1. Wow, thank you so much for walking us through the important details! I have a goal of moving to La Borne France (or at least within 35 km of it so I can be part of the very important ceramic artist association of La Borne) & because tourists come every day to tour artist’s studios & ideally buy art or come for a class etc. But I have been worried that in an area with such small villages no one will be selling property at all, or at least not what I need- I’m happy to live in a falling down shack, or would love a tiny house, doesn’t matter, but I need space to build a large studio (or an old outbuilding to convert), room for two moderately sized outdoor fast fire wood kilns, my outdoor Raku kiln, & an area to dig a 6’ x 4’ pit for pitfiring. I will also need to have significant electrical work done I assume in the studio for my equipment & my electric kilns. Like you I don’t mind if the land is perfect, but I would need to build or renovate structures for my glass & ceramic sculpting, & I worry if anything comes up for sale in a popular area like that it would be expensive or just not have enough space- I have a tiny urban backyard, about 40 feet from house to garage right now, but that would actually be enough space for everything but the house…I can get away with my Raku kiln, an almost as big pit, & a 15 cu ft test soda kiln in my backyard but big nope on being able to build the woodfire kilns which actually could just barely fit in the rest of my yard! So I don’t really need as much space as it initially sounds, but not sure I can find that. But you have given me hope, I will shortly have EU/US dual citizenship which should help I hope with moving to France, & I was planning on an $80,000 down payment to convince a French bank to give me a mortgage, & now you have given me hope I might be able to find land for a fraction of that & use the rest of the money to build a tiny house, a studio, & the kilns & shipping my equipment instead & not even need a mortgage! Thank you so much for such helpful information, I am being set up by the tourist office in Bourges with an estate agent but I will also search for property on my own now that I know how to! Thanks a billion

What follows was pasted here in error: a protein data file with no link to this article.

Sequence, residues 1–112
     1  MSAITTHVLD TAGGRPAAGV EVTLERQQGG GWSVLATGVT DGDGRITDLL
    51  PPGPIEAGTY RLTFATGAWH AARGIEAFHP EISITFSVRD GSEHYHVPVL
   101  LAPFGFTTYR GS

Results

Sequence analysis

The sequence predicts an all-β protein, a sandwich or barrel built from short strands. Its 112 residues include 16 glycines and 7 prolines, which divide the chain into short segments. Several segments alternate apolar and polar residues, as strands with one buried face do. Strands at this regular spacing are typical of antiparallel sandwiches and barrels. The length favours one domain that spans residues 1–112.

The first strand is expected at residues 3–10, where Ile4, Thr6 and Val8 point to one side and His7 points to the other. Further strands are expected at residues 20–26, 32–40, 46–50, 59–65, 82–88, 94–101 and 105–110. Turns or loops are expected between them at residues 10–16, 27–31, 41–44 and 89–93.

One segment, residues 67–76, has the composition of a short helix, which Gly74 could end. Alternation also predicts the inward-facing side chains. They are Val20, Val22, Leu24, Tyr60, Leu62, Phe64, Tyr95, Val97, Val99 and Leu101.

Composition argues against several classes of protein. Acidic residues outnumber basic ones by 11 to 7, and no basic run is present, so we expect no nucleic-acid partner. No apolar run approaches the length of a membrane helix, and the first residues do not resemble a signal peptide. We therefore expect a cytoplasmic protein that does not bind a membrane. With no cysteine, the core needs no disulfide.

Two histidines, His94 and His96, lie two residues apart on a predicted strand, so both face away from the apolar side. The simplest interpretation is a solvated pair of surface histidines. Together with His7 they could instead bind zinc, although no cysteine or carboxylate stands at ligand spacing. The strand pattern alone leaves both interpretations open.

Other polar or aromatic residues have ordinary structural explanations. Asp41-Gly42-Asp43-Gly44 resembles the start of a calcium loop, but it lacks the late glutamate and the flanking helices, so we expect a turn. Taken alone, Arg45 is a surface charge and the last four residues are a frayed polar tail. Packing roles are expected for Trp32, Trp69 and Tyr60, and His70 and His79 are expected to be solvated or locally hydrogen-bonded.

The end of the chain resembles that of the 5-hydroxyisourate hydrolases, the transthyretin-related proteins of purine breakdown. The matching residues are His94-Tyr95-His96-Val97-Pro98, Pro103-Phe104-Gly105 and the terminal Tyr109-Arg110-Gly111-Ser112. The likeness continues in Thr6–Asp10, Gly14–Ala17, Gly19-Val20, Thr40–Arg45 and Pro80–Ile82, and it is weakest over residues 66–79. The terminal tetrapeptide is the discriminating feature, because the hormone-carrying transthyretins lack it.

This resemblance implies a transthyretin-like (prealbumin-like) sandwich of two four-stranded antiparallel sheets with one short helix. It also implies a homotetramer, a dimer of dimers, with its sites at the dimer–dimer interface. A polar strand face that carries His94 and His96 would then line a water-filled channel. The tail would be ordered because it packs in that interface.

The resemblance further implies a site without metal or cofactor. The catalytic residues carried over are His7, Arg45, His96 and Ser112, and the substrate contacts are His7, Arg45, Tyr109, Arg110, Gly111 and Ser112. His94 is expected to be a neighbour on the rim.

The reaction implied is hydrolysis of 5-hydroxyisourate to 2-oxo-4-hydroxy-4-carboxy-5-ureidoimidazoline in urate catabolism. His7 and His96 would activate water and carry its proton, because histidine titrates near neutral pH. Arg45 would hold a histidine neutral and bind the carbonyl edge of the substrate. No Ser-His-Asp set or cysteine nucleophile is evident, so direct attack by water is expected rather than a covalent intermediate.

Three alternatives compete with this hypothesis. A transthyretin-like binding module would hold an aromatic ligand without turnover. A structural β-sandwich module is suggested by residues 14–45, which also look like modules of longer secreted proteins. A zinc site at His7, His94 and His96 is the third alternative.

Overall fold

2. So helpful thank you. I’m at the start of going to have a look but in St Projet. I have dreams of building a tiny house community of sorts with friends shared land, chores and expenses but I own the land. This is a big help I forgot about all the surveys and fees

    • I’m glad you found the post useful. In my case, the entire process took quite a while. I think it was about 9 months in total. That was because I had a ‘get-out’ clause which meant I didn’t have to buy the land if I couldn’t get planning permission. So then I had to go through the whole process of designing the house, getting surveys done and submitting a planning application. The seller was keen to speed up the process but I was the one who slowed things down. However, I got permission and the deal was done. If you just bought the land with a Certificat d’Urbanism, and trusted that your planning application would be successful, then the process would be much quicker.